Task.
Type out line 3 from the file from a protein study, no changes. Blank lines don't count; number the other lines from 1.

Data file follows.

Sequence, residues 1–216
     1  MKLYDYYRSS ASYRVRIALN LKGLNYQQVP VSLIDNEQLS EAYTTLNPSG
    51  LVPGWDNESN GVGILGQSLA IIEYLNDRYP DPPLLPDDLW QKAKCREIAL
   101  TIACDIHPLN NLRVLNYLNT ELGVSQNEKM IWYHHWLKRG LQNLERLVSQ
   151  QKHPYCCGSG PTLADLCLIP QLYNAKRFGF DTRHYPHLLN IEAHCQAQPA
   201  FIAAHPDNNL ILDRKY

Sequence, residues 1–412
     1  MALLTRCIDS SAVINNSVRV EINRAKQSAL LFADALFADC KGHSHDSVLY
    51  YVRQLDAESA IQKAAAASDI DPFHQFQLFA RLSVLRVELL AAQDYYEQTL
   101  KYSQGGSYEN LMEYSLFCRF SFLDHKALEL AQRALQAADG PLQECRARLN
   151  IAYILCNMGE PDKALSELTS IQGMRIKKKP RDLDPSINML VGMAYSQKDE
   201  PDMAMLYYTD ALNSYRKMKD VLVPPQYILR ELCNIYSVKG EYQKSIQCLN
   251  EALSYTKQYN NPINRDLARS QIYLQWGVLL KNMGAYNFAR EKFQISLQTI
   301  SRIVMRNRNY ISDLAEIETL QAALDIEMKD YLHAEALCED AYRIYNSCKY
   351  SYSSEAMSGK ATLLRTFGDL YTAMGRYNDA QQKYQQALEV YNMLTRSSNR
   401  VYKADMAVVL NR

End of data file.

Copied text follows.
    51  LVPGWDNESN GVGILGQSLA IIEYLNDRYP DPPLLPDDLW QKAKCREIAL